Sunday, May 20, 2012

Review: Graceling, a book to kill for?

Finally! A new review! It has taken me a while to find the time for it but at last, the promised review of Graceling.

Title: Graceling
Author: Kristin Cashore
Series: None (Cashores second novell, Fire, is set in the same world)
Release: October 2008
Genre: Fantasy, Young Adult

Short Summary: In a world where some people are born with extreme and often-feared skills called Graces, Katsa struggles for redemption from her own horrifying Grace, the Grace of killing, and teams up with another young fighter to save their land from a corrupt king.

It has been a while since I've last read Graceling and the first thing that strikes me while writing this review is that the story didn't really stick with me. Which is not a very good thing. I do remember that I enjoyed reading it and I even recommended it to friends, but it doesn't make my top 10 of best reads. The characters are a little too flat to be memorable. Although the idea of being "graced" with the ability to kill is fascinating, it didn't really shine through the character. A lot of writers compensate this by creating a vast and memorable world around their character but Katsa's world is not one of them. I decided to reread the book.

I will start off with the aforementioned world building. This is a very important part of a Fantasy type novel because it influences the credibility and the way in which the reader sees himself in a different world. The first thing that I noticed about this was that the names of the 'countries' were a little too obvious. Five of them are called Wester, Sunder, Estill, Nander and Middluns, meaning west, south, east, north and the middle countries. The other two are Monsea and Lienid and fail to have any linguistic connection with the others. It makes the countries somewhat unrealistic and made up. To top it off, the capitals of the countries have the same name as the kings. So Randa City in the Middluns has a king named Randa an Leck City in Monsea has a king named Leck, and so forth. Furthermore, the book doesn't really mention any climate change, except in the mountains of Monsea where it is just plain cold.

The characters have every ingredient to be deep and memorable. They have these great abilities (Graces, a sort of extreme congenital talent) and they have been through alot in their lives. In some ways the author manages to bring them to life in a almost physical way. You get a very tangible image of the characters exterior but for some reason it lacks depth. You get the feeling you know the protagonist like having an acquaintance for a long time. It might have been more interesting to read it from Katsa's perspective in first persoon. Cashore really tries her best to shine some light on the characteristics. It is very clear that Katsa is stubborn and hotheaded but you don't really get a look beneath the surface. Both main characters (Katsa and Po) are very likeable. Especially Po raised my interest. I really liked the love that unravels between the two because it is subtle and not very cliché.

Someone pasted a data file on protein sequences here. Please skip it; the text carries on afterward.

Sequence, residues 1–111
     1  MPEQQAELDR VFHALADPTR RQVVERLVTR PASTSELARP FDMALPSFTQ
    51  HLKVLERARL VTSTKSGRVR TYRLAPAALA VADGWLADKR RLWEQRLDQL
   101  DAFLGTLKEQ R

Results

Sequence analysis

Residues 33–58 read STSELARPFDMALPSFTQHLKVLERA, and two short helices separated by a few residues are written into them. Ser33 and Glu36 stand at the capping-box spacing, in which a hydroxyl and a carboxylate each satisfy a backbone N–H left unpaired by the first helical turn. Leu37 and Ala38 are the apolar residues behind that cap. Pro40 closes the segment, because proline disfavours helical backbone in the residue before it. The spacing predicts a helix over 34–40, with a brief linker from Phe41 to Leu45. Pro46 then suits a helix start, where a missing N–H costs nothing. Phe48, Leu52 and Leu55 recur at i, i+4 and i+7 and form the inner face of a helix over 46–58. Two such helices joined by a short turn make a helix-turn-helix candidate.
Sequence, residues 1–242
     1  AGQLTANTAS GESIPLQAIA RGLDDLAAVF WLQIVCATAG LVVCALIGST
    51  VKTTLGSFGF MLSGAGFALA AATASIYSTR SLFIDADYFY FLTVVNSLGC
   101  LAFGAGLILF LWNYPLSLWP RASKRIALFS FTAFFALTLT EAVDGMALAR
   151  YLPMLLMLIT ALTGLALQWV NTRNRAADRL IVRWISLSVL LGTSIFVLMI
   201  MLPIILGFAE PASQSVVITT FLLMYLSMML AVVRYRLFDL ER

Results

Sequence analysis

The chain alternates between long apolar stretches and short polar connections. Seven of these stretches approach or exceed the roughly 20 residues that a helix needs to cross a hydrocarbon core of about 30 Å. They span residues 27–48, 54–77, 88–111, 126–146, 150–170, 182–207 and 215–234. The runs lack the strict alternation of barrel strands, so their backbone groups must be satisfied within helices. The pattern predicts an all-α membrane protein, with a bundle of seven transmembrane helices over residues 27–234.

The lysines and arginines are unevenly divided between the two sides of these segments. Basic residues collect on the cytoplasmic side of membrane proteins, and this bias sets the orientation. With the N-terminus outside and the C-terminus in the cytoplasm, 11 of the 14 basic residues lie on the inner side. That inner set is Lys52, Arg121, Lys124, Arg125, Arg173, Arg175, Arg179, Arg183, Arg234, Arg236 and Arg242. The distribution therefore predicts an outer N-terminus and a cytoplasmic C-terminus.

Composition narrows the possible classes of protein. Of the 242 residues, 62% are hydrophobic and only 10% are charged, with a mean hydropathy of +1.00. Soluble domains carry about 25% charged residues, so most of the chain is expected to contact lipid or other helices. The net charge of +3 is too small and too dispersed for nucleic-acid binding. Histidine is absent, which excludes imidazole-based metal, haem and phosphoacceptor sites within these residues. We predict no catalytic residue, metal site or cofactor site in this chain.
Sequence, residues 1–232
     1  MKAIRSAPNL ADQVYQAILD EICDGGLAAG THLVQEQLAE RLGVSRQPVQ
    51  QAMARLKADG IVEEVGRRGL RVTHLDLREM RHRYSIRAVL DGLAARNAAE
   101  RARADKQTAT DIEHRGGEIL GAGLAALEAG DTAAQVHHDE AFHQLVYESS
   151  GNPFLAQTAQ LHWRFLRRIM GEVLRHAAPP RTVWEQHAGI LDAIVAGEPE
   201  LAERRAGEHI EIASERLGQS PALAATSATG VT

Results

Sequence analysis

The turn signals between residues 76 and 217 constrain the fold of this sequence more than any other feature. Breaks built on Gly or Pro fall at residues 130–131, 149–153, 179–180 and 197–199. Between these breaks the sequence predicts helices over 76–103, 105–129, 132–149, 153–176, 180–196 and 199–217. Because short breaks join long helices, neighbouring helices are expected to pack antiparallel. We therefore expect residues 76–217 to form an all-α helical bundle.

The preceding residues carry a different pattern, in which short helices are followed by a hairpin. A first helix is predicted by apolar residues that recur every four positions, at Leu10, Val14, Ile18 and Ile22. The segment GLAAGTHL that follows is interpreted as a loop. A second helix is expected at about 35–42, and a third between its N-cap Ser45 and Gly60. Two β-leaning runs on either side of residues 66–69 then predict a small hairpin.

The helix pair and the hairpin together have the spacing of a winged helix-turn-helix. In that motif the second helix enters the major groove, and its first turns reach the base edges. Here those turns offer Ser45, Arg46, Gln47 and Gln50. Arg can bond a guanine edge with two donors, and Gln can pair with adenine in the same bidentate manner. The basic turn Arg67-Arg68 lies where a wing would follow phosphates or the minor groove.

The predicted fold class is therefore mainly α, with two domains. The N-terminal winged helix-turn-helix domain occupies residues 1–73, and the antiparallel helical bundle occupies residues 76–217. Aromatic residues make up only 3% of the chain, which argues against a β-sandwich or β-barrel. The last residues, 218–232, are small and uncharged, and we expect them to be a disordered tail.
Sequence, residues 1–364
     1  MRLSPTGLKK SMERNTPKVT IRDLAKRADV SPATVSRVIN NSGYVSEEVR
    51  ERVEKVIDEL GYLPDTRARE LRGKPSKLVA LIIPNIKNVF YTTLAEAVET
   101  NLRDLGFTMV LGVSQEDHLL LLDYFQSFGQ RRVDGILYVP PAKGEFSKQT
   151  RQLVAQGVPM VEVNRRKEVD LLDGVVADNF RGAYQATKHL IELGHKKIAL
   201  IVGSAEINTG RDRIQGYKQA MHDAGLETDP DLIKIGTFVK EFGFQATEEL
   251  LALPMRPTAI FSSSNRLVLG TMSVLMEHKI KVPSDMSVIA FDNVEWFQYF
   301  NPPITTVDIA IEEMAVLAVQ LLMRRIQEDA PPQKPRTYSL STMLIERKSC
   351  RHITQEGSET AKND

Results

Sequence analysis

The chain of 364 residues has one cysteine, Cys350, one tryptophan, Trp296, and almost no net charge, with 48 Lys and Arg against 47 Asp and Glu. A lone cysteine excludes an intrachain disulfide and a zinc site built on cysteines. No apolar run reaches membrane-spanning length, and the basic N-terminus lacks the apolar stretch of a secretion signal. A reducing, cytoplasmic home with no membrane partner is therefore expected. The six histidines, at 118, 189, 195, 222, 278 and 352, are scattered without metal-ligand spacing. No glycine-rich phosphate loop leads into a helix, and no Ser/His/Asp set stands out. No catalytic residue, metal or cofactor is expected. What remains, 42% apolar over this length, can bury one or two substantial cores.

The plot (SPOILER ALERT) surprised me. The story of Leck and Bitterblue is original and I didn't expect it. The last chapters of the book are the best ones and they kept me interrested. The story hardens from the moment that Po gets injured and Katsa has to leave him to get Bitterblue to safety. A lot of people found the part where Katsa has to carry Bitterblue through the mountains implausible. It might be but I really enjoyed this part. It was one of the parts that stayed with me the most and this is the reason why I care less about the plausibility. Cashore also deepend the story behind the Graces, which I found very interesting.

Conclusion: Graceling is a very enjoyable read, especially for young readers who haven't read a lot of the Fantasy genre. Allthough it doesn't have the best worldbuilding or characters, the story is fascinating for everyone who doesn't know what to read next.
Rating: uu . . . 

I will also be reviewing Kristin Cashore's "Fire" soon (after I find the time to read it). But firstly I'll do a review on the second book of The Sookie Stackhouse Novells, Living Dead in Dallas. After that I will start reviewing The Inheritance Cycle by Christopher Paolini. Stay tuned and be patient! Follow me on Twitter @FantasyReviews

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